Las Vegas Sands confirms $1bn loan to Macau casino

Sands Casino Macau
Sands Casino Macau
Sands China, like all Macau casinos, has struggled financially through the coronavirus pandemic.

Las Vegas Sands (LVS) recently announced a US$1 billion loan agreement with Sands China, repayable on July 11, 2028. The purpose of the loan is to support the company’s working capital and fund its general corporate purposes while Macau casinos continue to suffer under COVID-related restrictions.

Per the agreement, during the two years after its conclusion, SCL has the option of paying cash interest of 5% per annum or an in-kind interest of 6% per annum. After the period elapses, only a 5% cash interest was applicable.

Via a filing with the Securities and Exchange Commission (SEC), while the loan is still in effect. SCL was obligated to “be subordinated to all third party unsecured indebtedness and other obligations of every nature of SCL and its subsidiaries from time to time, including all Senior Notes issued by the SCL and the 2018 SCL Credit Facility as amended, restated, replaced (whether upon or after termination or otherwise, and whether with the original lenders or otherwise), refinanced, supplemented, modified or otherwise changed”.

The agreement further revealed that prepayment of the loan by Sands China was, in whole or part, without penalties. The SCL board endorsed the arrangement, indicating that it considered the loan terms reasonable and was made entirely for the benefit of the company and its shareholders. 

In a Stock Exchange filing in Hong Kong, SCL released a statement declaring that the agreement was a sign that showed the company and LVS’ certainty concerning the imminent growth potential present in the Macau market. They also revealed that the loan aided the company in bolstering its “balance sheet position and liquidity.”

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SCL isn’t the first company in Macau to resort to taking loans due to the financial strain caused by the pandemic. Concessionaires in the China region previously faced a zero revenue environment, with most of the casinos closed down between July 11 to 18. It also had border restrictions with mainland China put in place for an undisclosed time.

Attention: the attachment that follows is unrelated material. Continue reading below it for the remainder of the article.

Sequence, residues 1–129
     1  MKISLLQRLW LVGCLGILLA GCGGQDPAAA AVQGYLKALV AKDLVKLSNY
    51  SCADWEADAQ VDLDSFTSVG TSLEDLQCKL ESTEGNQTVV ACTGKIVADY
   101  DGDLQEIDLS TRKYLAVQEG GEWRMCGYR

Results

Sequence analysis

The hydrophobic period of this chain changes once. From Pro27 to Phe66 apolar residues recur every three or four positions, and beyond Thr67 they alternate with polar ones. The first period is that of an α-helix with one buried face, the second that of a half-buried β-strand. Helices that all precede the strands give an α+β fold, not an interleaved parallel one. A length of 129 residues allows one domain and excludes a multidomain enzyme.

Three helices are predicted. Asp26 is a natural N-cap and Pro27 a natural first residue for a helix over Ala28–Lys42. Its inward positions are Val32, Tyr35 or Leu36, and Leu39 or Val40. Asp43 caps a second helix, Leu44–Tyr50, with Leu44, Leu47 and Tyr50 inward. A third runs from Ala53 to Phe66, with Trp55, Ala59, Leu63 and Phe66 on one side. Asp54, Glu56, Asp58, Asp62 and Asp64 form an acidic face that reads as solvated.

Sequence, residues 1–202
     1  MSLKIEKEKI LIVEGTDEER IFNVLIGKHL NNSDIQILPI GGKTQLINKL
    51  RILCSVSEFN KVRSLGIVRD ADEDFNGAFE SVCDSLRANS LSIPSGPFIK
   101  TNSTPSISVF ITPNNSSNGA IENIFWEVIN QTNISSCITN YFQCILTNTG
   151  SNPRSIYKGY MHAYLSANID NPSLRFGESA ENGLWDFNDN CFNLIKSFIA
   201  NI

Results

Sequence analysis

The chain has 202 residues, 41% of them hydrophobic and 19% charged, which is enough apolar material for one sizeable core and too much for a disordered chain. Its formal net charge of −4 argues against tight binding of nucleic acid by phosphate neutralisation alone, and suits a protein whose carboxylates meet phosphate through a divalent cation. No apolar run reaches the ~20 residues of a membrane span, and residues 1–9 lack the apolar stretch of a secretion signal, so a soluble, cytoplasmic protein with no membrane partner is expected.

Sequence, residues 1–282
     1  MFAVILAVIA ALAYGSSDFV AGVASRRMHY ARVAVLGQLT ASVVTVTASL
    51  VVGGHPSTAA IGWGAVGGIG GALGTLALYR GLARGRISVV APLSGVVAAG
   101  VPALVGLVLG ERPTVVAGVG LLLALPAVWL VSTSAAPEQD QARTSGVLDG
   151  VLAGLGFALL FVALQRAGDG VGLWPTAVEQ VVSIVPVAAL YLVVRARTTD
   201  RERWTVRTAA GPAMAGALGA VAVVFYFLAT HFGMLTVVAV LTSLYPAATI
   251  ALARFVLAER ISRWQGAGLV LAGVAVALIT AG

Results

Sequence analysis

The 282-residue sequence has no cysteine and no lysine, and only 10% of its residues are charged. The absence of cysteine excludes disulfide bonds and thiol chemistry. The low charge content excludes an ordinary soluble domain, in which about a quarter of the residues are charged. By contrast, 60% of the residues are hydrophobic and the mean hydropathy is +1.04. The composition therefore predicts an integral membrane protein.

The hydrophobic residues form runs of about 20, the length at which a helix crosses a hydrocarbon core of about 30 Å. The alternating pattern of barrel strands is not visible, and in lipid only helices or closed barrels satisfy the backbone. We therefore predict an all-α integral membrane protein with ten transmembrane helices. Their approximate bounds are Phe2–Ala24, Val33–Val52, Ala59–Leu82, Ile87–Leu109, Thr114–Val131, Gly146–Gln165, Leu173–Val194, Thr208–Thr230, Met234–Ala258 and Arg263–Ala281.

As a result, US parent branches of the companies reached out to lend a hand to their Macau operators. Before the recent SCL and LVS loan agreement, Wynn Resorts announced its intention to loan Wynn Macau $500 million. According to analysts, this brought about a catalyst that led companies like LVS to lend a hand to their Macau branches. 

The Wynn Las Vegas branch provided its Macau office with enough funds to aid “potential future working capital and other funding needs, if necessary”. The head branch currently owns around 72% of the distributed share capital of its Macau subsidiary.

Ahead of the broadcast concerning Macau gaming revenue’s week-long shutdown, several analysts disclosed their distress about the burn rate, cash positions, and survivability timelines of the operators. 

In a recent report, analysts DS Kim, JP Morgan, and Livy Lyu calculated the possible liquidity runway of the regional operators.

The report read, “Our analysis suggests SJM and Sands have the shortest liquidity runway of nine months until March 2023, while other operators such as Wynn/MGM/Melco have 1.5 to 2 years of liquidity, with Galaxy being an outlier with 5 years of liquidity.”

Analysts also posited that due to the interruption of operations at the casinos, July and August wouldn’t do much for the Macau concessionaires. They claimed the gross gaming revenue (GGR) of the third quarter would be inadequate and set the time for possible material recovery for the special administrative region (SAR) further to early 2023.

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